Juvenile Court Process
Before juvenile courts existed, children’s parent would determine their punishment. The odds of a child going through the court system were slim. Today when law enforcement arrests a juvenile the officer decides were the juvenile will go based the crime. Juvenile court has partial jurisdiction which means that they can only hear certain cases (Meyer & Grant, 2003). Normally the jurisdictions are outlined by age and what kind of crime has been committed by the juvenile (Meyer & Grant, 2003). Age limits vary by state to determine which juveniles are eligible to go through the court system. Depending on the crime committed a child can trailed as an adult. As an example a juvenile can be trailed as an adult if the juvenile commits murder. The juvenile court system basically handles cases that involve children with offences that aren’t appropriate for adult courts like truancy and runaways. It even handles cases involving child delinquency, adoption, and many more. When approached with juvenile case the court makes a decision if the case should be heard formally or informally or even dismissed. They make decision if the evidence is substantial enough to go to trial. If there is not enough evidence the case is dismissed. If there is enough evidence the case is either heard informally or formally. The juvenile could be held in the juvenile detention center while the court makes its decisions. I feel that the juvenile process should and shouldn’t differ from the process. I feel that juveniles shouldn’t be trialed as an adult because juveniles are still young when they commit the crimes and didn’t mature yet. I do feel depending on the type of crime a juvenile should be trialed as an adult if they commit murder or other extreme crimes. In conclusion I think the type of crime committed should determine how a juvenile is trialed....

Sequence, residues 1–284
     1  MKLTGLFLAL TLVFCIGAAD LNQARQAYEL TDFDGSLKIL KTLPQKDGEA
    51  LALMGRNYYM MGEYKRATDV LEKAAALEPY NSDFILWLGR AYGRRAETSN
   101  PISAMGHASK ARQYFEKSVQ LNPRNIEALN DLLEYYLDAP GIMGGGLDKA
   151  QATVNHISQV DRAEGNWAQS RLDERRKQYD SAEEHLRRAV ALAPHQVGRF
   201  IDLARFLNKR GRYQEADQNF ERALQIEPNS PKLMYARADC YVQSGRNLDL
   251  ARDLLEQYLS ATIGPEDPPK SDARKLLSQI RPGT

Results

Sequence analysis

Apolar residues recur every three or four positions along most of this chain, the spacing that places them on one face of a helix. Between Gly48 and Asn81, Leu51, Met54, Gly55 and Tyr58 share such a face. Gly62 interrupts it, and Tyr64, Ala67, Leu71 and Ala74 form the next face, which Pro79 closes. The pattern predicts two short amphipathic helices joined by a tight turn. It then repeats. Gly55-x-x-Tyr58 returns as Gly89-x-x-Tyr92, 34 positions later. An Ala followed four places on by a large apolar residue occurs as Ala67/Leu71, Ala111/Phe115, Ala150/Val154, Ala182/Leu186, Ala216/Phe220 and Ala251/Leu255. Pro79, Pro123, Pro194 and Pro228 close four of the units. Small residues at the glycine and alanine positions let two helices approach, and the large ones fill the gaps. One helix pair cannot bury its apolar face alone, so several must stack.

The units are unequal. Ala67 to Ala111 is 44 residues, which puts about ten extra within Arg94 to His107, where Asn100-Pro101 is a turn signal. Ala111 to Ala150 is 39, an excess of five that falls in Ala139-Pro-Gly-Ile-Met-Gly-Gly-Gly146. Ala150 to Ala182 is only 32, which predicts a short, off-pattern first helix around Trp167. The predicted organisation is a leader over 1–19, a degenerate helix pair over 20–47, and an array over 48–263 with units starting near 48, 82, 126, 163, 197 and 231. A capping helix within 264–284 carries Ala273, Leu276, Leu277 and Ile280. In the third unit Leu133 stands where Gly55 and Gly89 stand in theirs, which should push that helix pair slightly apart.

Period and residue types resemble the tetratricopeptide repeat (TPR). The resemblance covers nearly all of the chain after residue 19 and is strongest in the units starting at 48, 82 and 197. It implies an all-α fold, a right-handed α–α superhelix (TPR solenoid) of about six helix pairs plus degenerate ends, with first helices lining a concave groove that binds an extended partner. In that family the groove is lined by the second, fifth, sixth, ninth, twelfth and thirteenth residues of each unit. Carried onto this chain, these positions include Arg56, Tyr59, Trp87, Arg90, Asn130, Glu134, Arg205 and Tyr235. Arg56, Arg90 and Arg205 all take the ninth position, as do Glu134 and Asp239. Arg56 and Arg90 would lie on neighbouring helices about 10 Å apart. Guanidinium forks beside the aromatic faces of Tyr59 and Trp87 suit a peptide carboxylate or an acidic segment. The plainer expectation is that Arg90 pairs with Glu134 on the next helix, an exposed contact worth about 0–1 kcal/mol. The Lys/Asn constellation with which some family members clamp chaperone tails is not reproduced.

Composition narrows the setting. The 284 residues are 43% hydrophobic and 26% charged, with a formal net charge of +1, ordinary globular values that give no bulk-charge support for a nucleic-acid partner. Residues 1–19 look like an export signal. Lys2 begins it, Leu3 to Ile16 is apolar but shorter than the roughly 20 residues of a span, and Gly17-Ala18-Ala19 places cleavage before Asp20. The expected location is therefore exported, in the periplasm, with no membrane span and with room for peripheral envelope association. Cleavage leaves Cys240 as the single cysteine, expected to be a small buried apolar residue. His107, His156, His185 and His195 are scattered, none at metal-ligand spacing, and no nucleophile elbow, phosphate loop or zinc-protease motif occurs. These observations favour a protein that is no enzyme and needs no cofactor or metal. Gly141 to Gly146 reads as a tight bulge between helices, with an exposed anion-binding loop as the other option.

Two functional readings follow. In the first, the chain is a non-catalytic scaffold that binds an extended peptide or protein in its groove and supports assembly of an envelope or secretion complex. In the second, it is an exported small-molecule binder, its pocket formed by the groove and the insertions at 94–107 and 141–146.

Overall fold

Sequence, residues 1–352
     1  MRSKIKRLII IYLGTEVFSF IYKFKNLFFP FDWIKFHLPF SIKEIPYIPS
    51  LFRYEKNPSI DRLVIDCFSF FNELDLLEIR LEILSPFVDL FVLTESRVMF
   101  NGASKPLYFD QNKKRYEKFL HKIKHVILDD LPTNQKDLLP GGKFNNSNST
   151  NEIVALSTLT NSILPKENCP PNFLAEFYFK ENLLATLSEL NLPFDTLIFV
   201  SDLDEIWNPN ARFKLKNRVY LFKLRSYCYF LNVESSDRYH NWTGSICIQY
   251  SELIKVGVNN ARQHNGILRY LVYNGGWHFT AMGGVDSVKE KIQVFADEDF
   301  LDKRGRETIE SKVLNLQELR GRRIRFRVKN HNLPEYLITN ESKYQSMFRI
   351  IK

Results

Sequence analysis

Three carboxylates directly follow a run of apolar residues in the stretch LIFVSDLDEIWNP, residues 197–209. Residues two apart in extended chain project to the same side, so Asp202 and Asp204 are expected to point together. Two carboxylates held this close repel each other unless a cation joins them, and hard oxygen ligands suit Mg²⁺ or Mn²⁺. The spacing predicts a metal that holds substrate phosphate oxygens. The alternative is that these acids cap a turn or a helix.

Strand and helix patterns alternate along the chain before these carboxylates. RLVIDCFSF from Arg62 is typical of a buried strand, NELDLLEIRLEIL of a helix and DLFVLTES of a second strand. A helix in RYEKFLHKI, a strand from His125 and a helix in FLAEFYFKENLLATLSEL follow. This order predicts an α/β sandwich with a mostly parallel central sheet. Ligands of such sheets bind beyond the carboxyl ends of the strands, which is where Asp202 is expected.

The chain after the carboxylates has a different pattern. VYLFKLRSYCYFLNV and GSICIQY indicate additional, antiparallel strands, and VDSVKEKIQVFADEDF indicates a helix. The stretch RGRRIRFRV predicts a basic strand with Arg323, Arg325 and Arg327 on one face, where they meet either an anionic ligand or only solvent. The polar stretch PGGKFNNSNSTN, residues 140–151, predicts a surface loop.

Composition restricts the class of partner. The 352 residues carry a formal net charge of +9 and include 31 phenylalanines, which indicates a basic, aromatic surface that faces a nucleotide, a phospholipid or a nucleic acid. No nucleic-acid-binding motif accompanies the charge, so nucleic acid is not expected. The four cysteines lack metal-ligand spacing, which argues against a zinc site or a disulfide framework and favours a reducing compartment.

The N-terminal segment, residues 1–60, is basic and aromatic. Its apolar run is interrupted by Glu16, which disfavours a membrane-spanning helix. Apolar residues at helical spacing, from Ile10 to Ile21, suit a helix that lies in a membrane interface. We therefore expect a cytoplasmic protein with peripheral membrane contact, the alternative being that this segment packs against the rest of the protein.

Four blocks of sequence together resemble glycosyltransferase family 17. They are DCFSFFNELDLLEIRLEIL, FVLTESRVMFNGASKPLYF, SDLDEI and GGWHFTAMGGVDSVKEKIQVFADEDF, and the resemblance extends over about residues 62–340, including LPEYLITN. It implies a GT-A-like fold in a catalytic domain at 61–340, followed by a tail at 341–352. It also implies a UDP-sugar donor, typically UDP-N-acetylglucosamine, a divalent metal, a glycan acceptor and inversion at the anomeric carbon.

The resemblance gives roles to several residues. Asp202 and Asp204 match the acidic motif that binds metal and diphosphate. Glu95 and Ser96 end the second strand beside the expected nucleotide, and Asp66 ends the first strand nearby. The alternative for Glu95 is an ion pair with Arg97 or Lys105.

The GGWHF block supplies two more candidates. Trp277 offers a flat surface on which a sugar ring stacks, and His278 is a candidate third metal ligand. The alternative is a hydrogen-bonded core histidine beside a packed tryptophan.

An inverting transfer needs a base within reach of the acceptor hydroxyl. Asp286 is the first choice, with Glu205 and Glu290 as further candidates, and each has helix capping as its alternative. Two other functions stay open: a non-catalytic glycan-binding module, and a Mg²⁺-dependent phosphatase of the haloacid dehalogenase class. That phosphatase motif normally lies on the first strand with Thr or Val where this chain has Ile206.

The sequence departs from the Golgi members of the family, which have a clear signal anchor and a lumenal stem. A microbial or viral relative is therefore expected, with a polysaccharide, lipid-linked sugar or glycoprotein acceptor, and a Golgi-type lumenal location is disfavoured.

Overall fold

Please join StudyMode to read the full document